There are Always Two Shots to Take!

One thing many folks forget in the excitement of capturing a nice image is that there are always two shots to take; the horizontal and the vertical. It’s amazing how few amateurs remember this simple rule in landscape photography and return home with only half the really great shots they could have.

Have a great weekend!

Frio River Crossing

Frio River Crossing in Concan, Texas
Copyright © 2009 Jeff Lynch Photography
Shot taken with a Canon EOS 5D Mark II set on aperture priority (Av) using an EF 24-105mm f/4L IS USM lens tripod-mounted. The exposure was taken at 24mm, f/16 for 1/10th of a second using a Singh-Ray LB Warming Polarizer and a 4-stop, graduated neutral density filter at ISO 100 on Lexar Professional digital film. Post capture processing was done in Lightroom 2 and Photoshop CS4 using Nik Software’s Viveza filter. Click on the image above for a larger version.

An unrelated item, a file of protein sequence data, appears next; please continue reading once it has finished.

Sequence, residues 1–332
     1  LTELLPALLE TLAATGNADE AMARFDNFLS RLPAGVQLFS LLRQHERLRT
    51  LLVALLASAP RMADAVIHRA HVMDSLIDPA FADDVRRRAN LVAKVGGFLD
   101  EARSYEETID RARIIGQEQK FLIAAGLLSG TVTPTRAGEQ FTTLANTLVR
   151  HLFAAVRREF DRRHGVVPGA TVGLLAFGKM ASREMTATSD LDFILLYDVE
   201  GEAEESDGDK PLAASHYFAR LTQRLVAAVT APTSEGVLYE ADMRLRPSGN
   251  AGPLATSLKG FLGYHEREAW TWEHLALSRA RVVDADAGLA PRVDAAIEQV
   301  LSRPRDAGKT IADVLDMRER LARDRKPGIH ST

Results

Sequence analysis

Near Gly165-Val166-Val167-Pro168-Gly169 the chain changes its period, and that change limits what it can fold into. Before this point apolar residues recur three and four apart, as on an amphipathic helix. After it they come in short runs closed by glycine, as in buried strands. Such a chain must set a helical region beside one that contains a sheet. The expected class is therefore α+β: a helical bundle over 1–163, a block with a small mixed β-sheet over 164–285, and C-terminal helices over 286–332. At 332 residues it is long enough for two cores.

Frio River in Concan, Texas

Frio River Crossing in Concan, Texas
Copyright © 2009 Jeff Lynch Photography
Shot taken with a Canon EOS 5D Mark II set on aperture priority (Av) using an EF 24-105mm f/4L IS USM lens tripod-mounted. The exposure was taken at 24mm, f/16 for 1/15th of a second using a Singh-Ray LB Warming Polarizer and a 4-stop, graduated neutral density filter at ISO 100 on Lexar Professional digital film. Post capture processing was done in Lightroom 2 and Photoshop CS4 using Nik Software’s Viveza filter. Click on the image above for a larger version.

4 thoughts on “There are Always Two Shots to Take!

  1. Jeff,

    I’ve really enjoyed your blog… Very well done. This shot of the Frio River is beautiful. The detail and depth of field are great. I like the portrait version best. Keep up the great work!

    Adam

  2. Interesting, Jeff. I sometimes go horizontal and sometimes vertical but rarely do I do both. I’ll have to salt that tidbit away for future reference.

  3. At first, I liked the landscape version but then I started looking at the portrait and now…well, they are both excellent.
    The Singh-Ray brings something out in these that makes them almost hypnotic.

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